Before Shepard Fairey created the iconic "Hope" poster for Barack Obama, the influential illustrator changed street art forever with his influential "Andre the Giant Has a Posse" sticker campaign. You've seen it hundreds of times: It's the design that eventually morphed into the OBEY Giant image that graces everything from bathroom walls to t-shirts and hats sold at department stores.
In the latest episode of Crate Diggers, Fairey walks us through his vinyl collection and explains how hip hop directly influenced the creation of the now-ubiquitous OBEY street art campaign.
"When I first started the Andre the Giant Has a Posse sticker campaign, hip hop had become the new punk rock for me," Fairey says. "I made that sticker in the summer of 1989. The use of the word 'posse' was inspired by Beastie Boys, Public Enemy, Ice-T, N.W.A. In fact, the line from Ice T's 'Power'—'I'm living large as possible, posse unstoppable'—was one of the things that made me embrace that. "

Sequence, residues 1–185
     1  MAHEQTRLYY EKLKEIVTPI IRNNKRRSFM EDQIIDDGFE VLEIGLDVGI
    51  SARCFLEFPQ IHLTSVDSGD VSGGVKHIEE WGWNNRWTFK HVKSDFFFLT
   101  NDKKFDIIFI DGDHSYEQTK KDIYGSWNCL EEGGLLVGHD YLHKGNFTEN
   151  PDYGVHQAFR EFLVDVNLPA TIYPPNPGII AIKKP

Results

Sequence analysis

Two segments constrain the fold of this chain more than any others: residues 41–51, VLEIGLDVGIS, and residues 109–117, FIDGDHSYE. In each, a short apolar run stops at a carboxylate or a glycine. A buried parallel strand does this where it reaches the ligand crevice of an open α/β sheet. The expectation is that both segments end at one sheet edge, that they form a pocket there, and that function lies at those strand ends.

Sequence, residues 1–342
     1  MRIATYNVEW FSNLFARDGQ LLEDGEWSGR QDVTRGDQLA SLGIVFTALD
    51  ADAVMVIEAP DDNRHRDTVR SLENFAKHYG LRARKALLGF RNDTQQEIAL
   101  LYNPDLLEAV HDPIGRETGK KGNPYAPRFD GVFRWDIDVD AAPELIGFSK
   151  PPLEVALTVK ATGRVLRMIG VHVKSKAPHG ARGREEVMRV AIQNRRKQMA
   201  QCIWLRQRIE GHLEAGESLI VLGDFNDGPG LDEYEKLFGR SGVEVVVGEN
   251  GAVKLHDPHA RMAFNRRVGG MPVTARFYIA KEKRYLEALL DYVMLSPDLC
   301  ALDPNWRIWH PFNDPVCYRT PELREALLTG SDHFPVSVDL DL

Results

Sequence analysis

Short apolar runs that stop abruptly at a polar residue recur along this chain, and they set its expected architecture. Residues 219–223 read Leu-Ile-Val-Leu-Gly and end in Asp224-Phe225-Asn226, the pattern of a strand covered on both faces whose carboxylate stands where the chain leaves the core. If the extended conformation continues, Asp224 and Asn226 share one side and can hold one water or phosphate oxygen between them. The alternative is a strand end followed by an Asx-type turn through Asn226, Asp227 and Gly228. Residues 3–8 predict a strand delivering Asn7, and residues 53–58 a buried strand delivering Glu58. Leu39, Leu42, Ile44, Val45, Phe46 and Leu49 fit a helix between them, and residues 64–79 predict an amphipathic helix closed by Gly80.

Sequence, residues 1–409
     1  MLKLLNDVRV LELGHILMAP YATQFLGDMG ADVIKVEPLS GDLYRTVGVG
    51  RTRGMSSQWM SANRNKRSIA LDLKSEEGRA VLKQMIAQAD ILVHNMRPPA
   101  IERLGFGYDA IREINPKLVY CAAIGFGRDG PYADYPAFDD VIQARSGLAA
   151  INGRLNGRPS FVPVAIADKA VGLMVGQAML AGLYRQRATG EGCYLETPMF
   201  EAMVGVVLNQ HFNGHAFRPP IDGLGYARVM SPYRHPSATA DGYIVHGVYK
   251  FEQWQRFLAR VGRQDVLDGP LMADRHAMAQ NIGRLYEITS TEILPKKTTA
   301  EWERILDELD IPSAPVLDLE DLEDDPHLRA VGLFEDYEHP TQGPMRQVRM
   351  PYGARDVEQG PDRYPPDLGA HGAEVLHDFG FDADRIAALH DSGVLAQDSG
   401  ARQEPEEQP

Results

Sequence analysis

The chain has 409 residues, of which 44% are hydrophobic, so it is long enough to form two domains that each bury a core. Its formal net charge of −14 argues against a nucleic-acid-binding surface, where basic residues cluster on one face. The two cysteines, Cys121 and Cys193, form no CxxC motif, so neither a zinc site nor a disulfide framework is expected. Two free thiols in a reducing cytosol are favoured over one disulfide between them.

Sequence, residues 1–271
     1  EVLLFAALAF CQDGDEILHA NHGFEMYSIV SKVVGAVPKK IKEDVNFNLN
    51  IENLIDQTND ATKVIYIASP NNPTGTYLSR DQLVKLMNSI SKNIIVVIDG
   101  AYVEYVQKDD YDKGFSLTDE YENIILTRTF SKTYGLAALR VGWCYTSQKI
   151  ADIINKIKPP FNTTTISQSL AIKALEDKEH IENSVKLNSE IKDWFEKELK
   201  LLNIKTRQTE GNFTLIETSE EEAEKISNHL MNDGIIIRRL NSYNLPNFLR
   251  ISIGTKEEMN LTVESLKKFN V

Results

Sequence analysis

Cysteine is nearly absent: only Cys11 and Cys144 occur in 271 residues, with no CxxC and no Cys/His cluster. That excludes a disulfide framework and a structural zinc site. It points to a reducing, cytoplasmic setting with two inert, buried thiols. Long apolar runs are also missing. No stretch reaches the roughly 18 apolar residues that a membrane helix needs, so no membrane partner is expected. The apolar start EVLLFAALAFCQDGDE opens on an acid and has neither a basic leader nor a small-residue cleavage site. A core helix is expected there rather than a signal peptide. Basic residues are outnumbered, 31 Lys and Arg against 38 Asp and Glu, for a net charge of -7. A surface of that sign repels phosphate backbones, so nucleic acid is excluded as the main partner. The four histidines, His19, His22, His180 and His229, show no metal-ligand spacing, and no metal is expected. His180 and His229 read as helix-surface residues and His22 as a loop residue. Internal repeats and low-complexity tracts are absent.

Although Fairey was more directly connected to skateboard culture, he explains he and his friends were "all sticking a toe into black culture. [Back then] using the word 'posse' was sort of a dangerous affectation, culturally. Malibu's Most Wanted hadn't come out yet," Fairey jokes, referencing the 2003 Jamie Kennedy comedy.
Rummaging through his extensive vinyl collection, Fairey reveals he would often listen to Ice Cube's The Predator before sneaking into the night to post his art. "It's intense, it hyped me up. It was like, 'I want to go out and do some stuff I'm not supposed to do.' Certain records can lyrically and sonically do that to you," Fairey says. "I've been arrested 16 times. You can get in trouble for doing art. Every time I would say, 'Okay, I want [a record] that makes me feel that I'm not thinking about the police, I'm thinking about the task at hand: Crushing it.'"
Watch the full episode of Crate Diggers above for more on how rap influenced Fairey's art and to get a peek at rare Beastie Boys and garage rock records.